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La voz del campesino


The agrarian reform is not a favour, it is an act of justice. As such it not appreciated. It is accepted with the dignity with which what is just is accepted." General Juan Velasco Alvarado, Cusco, 27 September 1971


‘La voz del campesino’ (The Peasant’s Voice) was a weekly bulletin produced by members of the rural community of Huaura in the department of Lima, Peru in the 1970s. The bulletin was published at the height of one of the most radical and extensive land reform programmes in Latin America, the 1969 Agrarian Reform Law introduced by the military government of Juan Velasco Alvarado (1968-75). Designed to address deep social inequalities and underdevelopment, the reform expropriated land from large estates and redistributed it to agricultural cooperatives, peasant communities and landless peasants. In response to the news of the reform, peasants across Peru established agrarian reform defence committees to show their support for the reform and prevent local evasion by large landowners. ‘La voz del campesino’ was the mouthpiece of one such defence committee in the valley of Huaura-Sayán, 148km north of Lima. 

Containing 84 issues from March 1972 until December 1974, this collection is an invaluable historical source that provides insights on local experiences of land reform and peasant-led efforts to mobilise politically. Each bulletin is on average eight pages long and contains a mixture of local news (peasant meetings, strikes, progress of the cooperatives, confrontations with government agencies) and national news (such as the marches against the Marcona Mining Company and the Cerro de Pasco Corporation), as well as references to international affairs (homages to Che Guevara, commentary on French nuclear power and the Vietnam War). The agrarian reform defence committee that produced the bulletin was dissolved in August 1972 and replaced by the Federación Campesina del Valle Huaura-Sayán (Peasant Federation of the Huaura-Sayán Valley). A key issue that recurs throughout the bulletins is the federation’s struggle to gain official recognition from the Peruvian state and resist the creation of a state-led Agrarian League, which was seen as an attempt to marginalise peasant-led political initiatives and retain authoritarian control of the agrarian reform. The bulletin also charts the community’s efforts to prevent the former agriculture minister José Benavides from evading the expropriation of his own estate.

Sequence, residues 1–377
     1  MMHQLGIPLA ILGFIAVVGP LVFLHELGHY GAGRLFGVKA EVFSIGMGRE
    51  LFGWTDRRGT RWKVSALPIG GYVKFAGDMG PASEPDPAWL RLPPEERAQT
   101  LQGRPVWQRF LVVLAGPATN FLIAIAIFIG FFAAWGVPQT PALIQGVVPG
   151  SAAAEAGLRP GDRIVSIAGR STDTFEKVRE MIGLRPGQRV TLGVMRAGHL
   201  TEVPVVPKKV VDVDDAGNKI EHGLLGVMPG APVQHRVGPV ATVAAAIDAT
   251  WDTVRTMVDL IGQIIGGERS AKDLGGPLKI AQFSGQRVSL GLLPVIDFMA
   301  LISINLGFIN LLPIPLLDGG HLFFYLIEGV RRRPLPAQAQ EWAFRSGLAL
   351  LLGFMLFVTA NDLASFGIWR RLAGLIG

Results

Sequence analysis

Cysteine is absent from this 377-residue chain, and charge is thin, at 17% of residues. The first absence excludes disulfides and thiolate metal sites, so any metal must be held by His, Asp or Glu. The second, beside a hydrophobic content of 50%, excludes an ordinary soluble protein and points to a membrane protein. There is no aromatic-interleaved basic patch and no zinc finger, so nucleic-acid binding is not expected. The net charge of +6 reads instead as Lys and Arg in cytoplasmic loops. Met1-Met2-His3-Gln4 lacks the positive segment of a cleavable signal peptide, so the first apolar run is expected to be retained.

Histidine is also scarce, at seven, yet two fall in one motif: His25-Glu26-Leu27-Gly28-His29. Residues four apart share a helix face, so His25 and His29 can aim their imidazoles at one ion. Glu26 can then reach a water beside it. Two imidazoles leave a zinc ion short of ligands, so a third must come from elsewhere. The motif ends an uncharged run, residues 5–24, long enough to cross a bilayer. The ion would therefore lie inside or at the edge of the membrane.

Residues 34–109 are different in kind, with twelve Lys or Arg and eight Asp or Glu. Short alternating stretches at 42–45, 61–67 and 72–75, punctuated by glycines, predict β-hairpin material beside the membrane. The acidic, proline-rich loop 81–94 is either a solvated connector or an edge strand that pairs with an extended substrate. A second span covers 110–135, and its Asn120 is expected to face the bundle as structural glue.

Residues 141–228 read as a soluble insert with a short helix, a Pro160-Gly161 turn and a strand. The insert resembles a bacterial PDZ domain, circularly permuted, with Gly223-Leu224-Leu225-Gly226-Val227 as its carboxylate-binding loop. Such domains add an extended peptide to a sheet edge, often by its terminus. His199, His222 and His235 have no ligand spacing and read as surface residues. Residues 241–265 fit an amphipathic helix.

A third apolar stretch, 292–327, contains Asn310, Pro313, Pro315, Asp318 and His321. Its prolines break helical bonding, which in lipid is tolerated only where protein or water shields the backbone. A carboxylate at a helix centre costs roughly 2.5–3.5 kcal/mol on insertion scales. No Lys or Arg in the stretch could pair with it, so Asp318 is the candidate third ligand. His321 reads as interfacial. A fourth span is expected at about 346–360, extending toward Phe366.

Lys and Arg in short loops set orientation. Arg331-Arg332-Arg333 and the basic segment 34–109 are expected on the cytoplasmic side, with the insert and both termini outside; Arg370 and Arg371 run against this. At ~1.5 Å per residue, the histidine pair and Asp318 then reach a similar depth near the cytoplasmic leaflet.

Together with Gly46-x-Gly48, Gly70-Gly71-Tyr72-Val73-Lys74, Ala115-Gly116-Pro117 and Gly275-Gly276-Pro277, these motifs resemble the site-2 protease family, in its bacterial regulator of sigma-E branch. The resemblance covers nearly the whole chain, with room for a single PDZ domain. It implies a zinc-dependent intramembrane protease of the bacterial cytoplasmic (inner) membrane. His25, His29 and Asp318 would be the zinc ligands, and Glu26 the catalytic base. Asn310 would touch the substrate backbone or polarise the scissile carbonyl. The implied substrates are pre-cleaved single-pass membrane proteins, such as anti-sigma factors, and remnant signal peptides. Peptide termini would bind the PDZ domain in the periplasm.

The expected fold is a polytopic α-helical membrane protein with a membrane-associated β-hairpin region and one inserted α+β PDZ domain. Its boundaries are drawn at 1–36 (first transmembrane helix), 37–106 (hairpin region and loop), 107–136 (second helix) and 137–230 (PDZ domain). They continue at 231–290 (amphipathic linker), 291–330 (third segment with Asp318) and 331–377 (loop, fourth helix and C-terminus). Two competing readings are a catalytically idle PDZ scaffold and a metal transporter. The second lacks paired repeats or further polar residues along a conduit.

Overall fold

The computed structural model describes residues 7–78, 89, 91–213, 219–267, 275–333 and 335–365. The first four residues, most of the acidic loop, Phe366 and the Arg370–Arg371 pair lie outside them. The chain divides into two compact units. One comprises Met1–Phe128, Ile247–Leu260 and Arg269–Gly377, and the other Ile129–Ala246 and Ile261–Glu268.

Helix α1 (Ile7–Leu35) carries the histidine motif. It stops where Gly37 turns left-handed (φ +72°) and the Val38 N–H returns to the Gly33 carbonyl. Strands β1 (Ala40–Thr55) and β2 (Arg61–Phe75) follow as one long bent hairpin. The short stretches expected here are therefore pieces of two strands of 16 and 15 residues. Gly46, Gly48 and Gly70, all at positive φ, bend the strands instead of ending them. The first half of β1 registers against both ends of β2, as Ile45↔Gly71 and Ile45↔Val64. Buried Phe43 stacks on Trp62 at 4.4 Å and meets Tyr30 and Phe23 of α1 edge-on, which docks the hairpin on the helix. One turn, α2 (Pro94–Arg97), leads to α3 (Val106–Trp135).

The bulletin also holds interest for historians of communication and grassroots publishing. It was printed using a mimeograph machine, a print technology that was cheap, light and easy to use. Although it existed since the end of the nineteenth century, the mimeograph became hugely popular in the second half of the twentieth century in the context of a global trend towards self-publishing and the production of small magazines by artists, writers, political activists and counter-cultural movements. Although historians of the Mimeograph Revolution have tended to focus on the alternative poetry scenes of New York and San Francisco in the 1960s, there remains important work to be done on the role that mimeographed publications played in a wide range of cultural and political movements across the world between the 1950s and 1980s.

The physical contents of this collection have been carefully conserved by María Consuelo Gómez, a Catholic nun who was involved in literacy training and social activism among Huaura’s peasants in the 1970s. The authors of the bulletin include Walter Maldonado Quispe (current holder of the physical collection), Calixto Elías Valverde, Víctor Huamán, Andrés Bassinet, Juan María Barbetlot and Monsignor Léon Lorenzo Alvarado. The collection was digitised and catalogued by local historian Luis Alberto Rosado Loarte (in his spare time and without financial or technical support) with the aim of making it accessible to as wide an audience as possible.


Dr Anna Cant

Assistant Professor of Latin American History, LSE